Saturday, December 3, 2011


Sideburns or sideboards are patches of facial hair grown on the sides of the face, extending from the hairline to below the ears and worn with an unbearded chin. The term sideburns is a 19th-century corruption of the original burnsides, named after American Civil War general Ambrose Burnside, a man known for his unusual facial hairstyle that connected thick sideburns by way of a moustache, but left the chin clean-shaven.

Sideburns can be worn and grown in combination with other styles of facial hair, such as the moustache or goatee, but once they extend from ear to ear via the chin they cease to be sideburns and become a beard, chinstrap beard, or chin curtain.

In ancient history, Alexander the Great is depicted with sideburns in a mosaic from Pompeii.

Following the eighteenth century, when European men west of Poland were universally clean-shaven, sideburns, like beards, began to grow in popularity during the Napoleonic period. The trend eventually made its way to Meiji Japan, in the first wave of Western fashion there. The return of facial hair in Western Europe began as a military fashion, at first inspired by the heroic sideburns sported by hussar regiments.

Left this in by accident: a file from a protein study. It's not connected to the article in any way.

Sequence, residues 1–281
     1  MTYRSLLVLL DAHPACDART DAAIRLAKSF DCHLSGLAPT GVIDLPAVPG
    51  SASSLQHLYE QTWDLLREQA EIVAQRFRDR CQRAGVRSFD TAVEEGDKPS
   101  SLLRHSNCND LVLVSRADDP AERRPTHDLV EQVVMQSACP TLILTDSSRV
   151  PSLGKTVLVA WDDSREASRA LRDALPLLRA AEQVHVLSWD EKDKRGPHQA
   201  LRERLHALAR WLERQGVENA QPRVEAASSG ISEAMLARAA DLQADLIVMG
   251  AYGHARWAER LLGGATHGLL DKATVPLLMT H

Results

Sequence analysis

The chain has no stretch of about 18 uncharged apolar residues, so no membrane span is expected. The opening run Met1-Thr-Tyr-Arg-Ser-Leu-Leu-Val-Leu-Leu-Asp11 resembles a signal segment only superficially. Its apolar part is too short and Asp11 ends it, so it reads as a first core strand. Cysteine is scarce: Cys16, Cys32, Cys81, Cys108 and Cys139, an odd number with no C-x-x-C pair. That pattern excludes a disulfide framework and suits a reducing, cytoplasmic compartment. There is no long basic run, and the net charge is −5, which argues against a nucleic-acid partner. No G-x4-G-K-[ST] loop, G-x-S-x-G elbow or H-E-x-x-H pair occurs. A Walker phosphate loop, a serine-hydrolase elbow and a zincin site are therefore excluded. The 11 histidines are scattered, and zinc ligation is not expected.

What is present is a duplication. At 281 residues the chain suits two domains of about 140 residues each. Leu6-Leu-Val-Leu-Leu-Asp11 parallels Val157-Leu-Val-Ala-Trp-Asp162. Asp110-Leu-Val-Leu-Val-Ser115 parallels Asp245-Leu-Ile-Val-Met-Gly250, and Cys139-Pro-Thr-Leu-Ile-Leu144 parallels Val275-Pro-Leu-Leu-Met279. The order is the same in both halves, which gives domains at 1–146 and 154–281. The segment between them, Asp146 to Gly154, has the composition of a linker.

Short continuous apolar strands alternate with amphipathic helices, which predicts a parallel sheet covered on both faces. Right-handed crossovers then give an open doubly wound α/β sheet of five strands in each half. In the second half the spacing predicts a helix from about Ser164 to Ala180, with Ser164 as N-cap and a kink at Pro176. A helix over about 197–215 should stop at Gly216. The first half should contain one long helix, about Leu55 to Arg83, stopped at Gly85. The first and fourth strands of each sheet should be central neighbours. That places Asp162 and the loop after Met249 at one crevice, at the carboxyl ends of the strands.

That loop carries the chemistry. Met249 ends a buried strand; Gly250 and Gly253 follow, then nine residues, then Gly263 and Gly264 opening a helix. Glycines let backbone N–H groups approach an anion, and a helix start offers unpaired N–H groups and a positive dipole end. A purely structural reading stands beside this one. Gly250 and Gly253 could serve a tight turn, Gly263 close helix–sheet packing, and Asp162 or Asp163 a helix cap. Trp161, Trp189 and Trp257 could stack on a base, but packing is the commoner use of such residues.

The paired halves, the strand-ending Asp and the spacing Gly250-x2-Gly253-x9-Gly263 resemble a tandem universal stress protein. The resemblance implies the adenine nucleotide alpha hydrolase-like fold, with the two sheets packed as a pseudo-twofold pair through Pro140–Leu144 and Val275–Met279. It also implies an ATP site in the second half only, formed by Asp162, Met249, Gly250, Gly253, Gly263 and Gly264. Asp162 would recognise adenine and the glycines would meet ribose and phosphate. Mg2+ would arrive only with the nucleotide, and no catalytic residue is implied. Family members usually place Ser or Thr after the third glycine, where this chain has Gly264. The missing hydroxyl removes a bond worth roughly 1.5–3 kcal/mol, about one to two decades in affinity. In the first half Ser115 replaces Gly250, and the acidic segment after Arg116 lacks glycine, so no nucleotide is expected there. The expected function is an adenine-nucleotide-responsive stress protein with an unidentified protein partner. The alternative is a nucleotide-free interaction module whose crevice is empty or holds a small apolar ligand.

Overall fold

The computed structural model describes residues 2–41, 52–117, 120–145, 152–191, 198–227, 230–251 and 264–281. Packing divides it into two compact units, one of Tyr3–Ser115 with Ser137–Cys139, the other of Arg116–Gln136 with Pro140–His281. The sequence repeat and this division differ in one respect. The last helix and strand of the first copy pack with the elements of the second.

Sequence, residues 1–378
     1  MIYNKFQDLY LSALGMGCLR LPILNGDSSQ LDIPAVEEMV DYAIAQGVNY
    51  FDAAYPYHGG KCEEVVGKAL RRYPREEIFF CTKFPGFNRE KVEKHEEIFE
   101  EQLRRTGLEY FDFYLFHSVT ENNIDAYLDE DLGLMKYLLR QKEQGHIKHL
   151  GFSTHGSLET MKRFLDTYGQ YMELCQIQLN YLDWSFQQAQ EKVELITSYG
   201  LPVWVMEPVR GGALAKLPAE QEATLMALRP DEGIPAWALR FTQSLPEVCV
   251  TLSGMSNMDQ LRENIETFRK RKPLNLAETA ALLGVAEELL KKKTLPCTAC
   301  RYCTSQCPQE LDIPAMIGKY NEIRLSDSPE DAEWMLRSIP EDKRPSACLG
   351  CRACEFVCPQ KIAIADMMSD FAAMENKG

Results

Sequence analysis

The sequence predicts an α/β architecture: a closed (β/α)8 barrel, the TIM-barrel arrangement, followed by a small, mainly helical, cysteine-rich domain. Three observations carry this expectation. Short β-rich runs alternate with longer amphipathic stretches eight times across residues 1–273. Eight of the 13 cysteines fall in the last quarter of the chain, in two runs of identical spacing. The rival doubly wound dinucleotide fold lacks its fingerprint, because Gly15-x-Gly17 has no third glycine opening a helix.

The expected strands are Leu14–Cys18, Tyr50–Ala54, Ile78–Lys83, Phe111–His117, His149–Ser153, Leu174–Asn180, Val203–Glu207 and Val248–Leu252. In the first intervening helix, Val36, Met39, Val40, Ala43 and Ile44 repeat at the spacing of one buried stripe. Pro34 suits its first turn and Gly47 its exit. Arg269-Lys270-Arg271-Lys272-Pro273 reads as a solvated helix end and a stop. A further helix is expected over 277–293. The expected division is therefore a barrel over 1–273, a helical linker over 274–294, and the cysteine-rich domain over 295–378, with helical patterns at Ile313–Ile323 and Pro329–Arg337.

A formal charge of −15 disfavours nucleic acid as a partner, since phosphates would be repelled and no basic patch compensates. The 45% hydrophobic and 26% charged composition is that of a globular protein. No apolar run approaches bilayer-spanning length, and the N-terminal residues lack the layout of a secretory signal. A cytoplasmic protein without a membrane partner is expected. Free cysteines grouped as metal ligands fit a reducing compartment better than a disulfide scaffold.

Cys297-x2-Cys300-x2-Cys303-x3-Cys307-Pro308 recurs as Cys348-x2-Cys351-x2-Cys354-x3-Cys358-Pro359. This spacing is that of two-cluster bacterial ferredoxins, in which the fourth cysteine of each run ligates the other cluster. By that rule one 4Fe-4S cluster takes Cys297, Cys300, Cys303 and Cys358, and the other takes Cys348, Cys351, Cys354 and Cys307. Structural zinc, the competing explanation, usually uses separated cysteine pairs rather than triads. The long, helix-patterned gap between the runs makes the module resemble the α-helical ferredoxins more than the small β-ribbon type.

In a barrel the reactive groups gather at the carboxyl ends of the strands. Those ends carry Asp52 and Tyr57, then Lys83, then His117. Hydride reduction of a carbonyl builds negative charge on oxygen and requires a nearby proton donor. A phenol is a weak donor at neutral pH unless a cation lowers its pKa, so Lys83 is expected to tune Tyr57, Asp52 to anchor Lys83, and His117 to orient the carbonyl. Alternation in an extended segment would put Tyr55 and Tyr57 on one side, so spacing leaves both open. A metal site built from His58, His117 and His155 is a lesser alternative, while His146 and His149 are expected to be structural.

Nineteenth century sideburns were often far more extravagant than those seen today, similar to what are now called mutton chops. As with beards, sideburns went quickly out of fashion in the early twentieth century, and in the First World War in order to secure a seal on a gas mask, men had to be clean-shaven; this did not affect mustaches.

Sideburns gained new connotations in 1960s hippie subculture: the struggle of a New Jersey youth to wear sideburns to his public high school graduation made a newspaper article in 1967 and in the 1970s among youth subcultures such as hippies and skinheads. Sideburns also became a symbol of the gay club scenes of San Francisco and Sydney, primarily Lambchops.

Because of their multifarious history, sideburns may be seen as stuffily Victorian and ultra-conservative, a sign of rebelliousness, or merely an artifact of current fashion.

No comments:

Post a Comment